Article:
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Posted on May 16, 2024 (5784) By Rabbi Yitzchok Adlerstein | Series: | Level:

When you shall enter the Land that I give you and you reap its harvest, you shall bring an Omer from your first harvest to the kohen. He shall wave the Omer before Hashem to gain favor for you.[1]

Chazal[2] see our pesukim one of Shlomo’s in Koheles. The midrash notes a disturbing verse right at the beginning of the sefer. “What advantage does man have for all his labor for which he toils beneath the sun?”[3] Shlomo seems to disparage everything that Man can do. As he calls it in the preceding pasuk, “Everything is futile!” This negative, nihilistic view of life leaves no room, we might think, for a life of goodness and spiritual pursuit. Nothing Man does has any meaning or significance. It is all a horrible waste of time and energy. The pasuk in one of a number of pesukim that caused some chachamim to contemplate removing the sefer from kisvei kodesh.

But they did not remove it. The midrash solves the dilemma by examining the verse more incisively. Shlomo, it points out, does not dismiss all of Man’s labor. Just his labor, i.e. working for his own agenda, and for his personal desires. Shlomo does not make light of laboring in Torah – for Hashem’s agenda. Rav Yudan finds a different solution. Shlomo only rejects labor “beneath the sun,” but not that which is above the sun.

But what does any of this have to do with our pesukim, to the bringing of the Omer? The answer may be that Chazal are telling us that activities like plowing, sowing, and reaping – mundane tasks done for a person’s own needs – have spiritual significance. All it takes is fulfilling the Torah’s mitzvah demands upon him. An entire season of laboring in the field is elevated by bringing the Omer. This is what the midrash means by “laboring in Torah” – performing the mitzvos that it calls for, and laboring to enhance the inhabitation of the Land of Israel. Then all of these laborious activities become part of Hashem’s agenda, not ours.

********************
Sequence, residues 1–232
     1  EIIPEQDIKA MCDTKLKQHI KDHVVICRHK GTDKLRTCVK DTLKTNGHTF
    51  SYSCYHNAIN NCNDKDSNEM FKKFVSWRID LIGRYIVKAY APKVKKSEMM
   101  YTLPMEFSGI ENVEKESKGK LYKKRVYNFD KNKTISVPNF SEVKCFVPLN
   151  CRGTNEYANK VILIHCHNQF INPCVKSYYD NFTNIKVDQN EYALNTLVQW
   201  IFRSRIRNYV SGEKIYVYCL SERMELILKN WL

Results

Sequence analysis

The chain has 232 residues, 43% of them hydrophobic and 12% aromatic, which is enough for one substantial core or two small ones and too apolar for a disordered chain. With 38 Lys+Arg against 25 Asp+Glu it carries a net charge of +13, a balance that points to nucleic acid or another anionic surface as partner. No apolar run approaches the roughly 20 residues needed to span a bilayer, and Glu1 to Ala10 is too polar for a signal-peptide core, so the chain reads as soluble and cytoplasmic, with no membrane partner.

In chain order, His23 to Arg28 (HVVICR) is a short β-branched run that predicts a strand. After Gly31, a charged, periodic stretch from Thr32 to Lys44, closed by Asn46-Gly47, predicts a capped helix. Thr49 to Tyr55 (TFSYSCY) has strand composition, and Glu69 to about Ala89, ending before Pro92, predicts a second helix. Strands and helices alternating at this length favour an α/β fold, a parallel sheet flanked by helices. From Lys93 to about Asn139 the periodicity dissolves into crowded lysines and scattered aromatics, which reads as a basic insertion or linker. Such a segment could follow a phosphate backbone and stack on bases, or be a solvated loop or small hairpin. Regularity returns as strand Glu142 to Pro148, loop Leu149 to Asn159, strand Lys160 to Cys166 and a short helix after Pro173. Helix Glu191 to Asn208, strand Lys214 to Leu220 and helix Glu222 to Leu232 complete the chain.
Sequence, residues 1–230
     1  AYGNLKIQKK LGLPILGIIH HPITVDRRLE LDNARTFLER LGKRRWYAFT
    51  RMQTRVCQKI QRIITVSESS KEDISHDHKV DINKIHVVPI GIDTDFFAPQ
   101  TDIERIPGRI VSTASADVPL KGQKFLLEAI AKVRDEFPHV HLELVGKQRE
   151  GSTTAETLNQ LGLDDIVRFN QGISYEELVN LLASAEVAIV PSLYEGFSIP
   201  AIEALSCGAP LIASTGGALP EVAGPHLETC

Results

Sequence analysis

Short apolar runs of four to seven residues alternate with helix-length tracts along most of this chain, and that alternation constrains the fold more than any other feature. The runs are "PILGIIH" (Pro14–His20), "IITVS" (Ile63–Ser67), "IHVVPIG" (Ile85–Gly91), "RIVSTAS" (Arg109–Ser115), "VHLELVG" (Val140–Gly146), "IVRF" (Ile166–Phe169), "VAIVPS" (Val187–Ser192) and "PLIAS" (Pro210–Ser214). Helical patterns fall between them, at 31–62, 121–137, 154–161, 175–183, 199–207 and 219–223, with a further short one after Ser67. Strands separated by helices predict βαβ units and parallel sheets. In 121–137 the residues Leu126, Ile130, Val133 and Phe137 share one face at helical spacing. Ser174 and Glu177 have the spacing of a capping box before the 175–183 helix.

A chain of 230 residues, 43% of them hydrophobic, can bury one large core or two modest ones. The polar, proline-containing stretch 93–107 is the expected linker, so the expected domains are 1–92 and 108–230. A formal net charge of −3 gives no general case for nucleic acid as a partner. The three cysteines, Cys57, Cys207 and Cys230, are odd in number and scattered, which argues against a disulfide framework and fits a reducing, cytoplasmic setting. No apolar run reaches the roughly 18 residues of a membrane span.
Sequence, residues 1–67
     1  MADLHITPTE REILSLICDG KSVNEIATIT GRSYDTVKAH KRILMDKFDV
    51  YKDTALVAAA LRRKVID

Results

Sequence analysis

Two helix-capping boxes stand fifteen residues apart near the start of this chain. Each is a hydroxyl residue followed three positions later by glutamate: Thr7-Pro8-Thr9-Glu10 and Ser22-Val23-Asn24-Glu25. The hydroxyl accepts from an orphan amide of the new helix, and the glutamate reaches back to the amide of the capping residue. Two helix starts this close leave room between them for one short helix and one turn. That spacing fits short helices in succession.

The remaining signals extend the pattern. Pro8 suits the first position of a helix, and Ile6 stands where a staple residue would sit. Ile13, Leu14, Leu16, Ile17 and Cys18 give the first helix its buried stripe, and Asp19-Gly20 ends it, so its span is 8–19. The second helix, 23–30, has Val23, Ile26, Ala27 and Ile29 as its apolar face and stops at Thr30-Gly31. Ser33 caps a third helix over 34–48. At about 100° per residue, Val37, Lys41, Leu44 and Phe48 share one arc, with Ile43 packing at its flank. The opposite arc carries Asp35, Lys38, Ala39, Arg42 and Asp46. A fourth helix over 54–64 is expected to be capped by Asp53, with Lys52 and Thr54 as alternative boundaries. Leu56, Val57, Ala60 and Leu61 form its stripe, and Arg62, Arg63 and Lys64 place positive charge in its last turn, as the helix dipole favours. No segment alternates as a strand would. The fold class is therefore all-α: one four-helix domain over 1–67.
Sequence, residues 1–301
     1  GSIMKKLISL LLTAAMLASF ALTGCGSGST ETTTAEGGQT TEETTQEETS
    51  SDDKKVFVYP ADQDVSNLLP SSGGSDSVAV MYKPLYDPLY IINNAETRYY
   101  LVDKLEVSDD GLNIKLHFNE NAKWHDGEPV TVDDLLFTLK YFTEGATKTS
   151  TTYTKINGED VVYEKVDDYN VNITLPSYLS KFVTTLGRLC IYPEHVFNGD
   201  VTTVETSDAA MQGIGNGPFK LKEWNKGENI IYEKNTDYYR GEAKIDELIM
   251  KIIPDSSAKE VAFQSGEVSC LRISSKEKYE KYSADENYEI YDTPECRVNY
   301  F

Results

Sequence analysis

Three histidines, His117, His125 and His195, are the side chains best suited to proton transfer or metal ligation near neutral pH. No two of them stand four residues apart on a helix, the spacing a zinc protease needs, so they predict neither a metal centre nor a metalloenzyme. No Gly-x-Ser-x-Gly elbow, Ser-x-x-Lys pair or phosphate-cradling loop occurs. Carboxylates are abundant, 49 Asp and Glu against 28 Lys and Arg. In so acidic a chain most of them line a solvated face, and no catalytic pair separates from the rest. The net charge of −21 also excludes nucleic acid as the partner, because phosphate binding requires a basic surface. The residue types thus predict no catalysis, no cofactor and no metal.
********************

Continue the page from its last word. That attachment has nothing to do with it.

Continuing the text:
Rav Yudan advances a different argument. He holds that even performing the required mitzvos can lack substance – if a person performs them in pursuit of reward in this world – “beneath the sun.” If, however, he eschews any compensation in this world in favor of the next – “above the sun” – then there is importance in what he does.

The crowning episode of the entire growing season was the moment that the Omer, a measure of the new grain, was brought to the kohen. This moment of triumph channels the spirit of “I have listened to the voice of Hashem, my G-d; I have acted according to everything You commanded me. Gaze down from Your holy abode…and bless your people Israel.”[4] As Chazal paraphrase this, “We have done what You ordered us to do. Now You do what is incumbent upon You!” Rashi says that the waving of the Omer in different directions serves to hold back unwanted dew-falls. Or, our fulfillment of Hashem’s commandments bring about His reaction, which is “to gain favor for” even our mundane needs.

  1. Vayikra 23:10-11
  2. Vayikra Rabbah 28:1
  3. Koheles 1:3
  4. Devarim 26:14:15